Battery corrosion

batteries

#1

The battery on my 1996 Dodge Dakota is new but almost every day there is such a build up of corrosion on the battery terminals that I have to wiggle them or clean them with soda before I can start the truck. The termianl connections seem to be tight. What can I do to correct this problem?


#2

too tight?


#3

I would start by replacing the terminal on the cable.


#4

Remove the cables from the battery and properly clean both cables and the battery posts. Make sure the battery fluid is proper (not too high or low) and that it is not being over-charged. A little di-electric grease on the clamps after they are re-attached would not hurt.


#5

Check the output voltage on our regulator or alternator. You may be overcharging the battery causing it create H2SO4 fumes.


#6

if you CAN actually wiggle them each morning…

then they are NOT tight.

clean then retighten them correctly/


#7

Inspect the battery case carefully for cracks. It could be leaking around the seals on the posts too. You might have a bad battery already.


#8

Good point. Even on a brand new battery if the posts are subjected to excessive lateral/bending force when the terminals are tightened, then you’ll damage the post seals.

If that happens, you can expect accelerated corrosion from that point on.


#9

Checking the output voltage is very important. I had a 95 Dakota that had a 10 month battery fail (Pep Boys) due to a dead cell. The battery only had about 10 volts instead of ~12 across the terminals. The alternator output is controlled by the PCM (engine computer). The alternator output was maxed out trying to charge the bad battery. According to my mechanic, driving the truck back and forth to work (20 miles total) would have burned out the alternator and the PCM.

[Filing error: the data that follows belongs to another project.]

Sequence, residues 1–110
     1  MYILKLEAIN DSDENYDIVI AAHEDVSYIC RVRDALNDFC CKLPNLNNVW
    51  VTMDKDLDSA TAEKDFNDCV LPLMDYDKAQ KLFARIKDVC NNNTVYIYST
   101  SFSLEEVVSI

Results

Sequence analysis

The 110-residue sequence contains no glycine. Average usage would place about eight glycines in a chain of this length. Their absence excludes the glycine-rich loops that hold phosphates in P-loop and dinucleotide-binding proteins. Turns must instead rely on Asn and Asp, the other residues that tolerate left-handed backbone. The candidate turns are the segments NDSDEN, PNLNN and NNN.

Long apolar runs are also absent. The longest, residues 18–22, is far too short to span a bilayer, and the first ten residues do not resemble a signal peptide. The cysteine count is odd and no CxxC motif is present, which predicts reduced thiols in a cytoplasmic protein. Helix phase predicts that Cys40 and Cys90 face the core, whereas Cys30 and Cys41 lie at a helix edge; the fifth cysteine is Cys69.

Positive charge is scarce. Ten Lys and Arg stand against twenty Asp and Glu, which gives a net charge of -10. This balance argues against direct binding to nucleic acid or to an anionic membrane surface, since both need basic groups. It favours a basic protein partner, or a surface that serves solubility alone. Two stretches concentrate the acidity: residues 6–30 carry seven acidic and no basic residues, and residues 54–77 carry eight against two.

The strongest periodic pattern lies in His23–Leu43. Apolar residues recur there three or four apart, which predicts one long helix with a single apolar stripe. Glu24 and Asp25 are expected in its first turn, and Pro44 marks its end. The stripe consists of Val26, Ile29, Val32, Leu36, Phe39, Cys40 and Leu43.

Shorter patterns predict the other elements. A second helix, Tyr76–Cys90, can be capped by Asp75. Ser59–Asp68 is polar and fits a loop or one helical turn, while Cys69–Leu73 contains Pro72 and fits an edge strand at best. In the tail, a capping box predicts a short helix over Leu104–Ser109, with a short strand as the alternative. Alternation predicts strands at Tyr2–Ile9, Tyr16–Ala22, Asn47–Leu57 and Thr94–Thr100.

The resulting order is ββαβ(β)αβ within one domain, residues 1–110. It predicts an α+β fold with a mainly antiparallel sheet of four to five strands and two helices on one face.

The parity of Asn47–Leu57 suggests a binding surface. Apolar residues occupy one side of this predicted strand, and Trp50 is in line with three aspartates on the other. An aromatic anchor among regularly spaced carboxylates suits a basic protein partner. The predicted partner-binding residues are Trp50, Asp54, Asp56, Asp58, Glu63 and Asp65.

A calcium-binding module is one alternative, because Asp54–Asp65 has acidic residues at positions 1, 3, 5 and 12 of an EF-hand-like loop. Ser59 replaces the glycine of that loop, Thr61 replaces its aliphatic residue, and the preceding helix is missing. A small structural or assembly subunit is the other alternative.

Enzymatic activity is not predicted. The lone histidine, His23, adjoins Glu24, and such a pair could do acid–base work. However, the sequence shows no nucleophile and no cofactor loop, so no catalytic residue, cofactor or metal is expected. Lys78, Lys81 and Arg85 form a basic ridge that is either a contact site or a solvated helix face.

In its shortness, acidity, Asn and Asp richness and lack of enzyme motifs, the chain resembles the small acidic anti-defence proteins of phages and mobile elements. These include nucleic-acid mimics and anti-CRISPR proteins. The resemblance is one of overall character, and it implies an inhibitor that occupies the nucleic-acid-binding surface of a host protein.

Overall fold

I would have your battery checked to see if it was good. Since the truck is 11 years old, you might want to get the battery cables replaced with new ones (there can be corrosion under the insulation where you can’t get to it. At the least remove the cables and clean the clamps and the battery posts. Make a paste with baking soda, apply to the clamps and posts to neutralize any acid, and rinse with plenty of water. I apply a little vaseline to the posts when I reattach the cables, it seems to keep the corrosion at bay.

This is a great website for all things Dakota, decent bunch of people.

http://www.dakota-truck.net/

Hang on to it, they’re good trucks. I still miss mine, especially when some expensive widget breaks on my Blazer.

Ed B.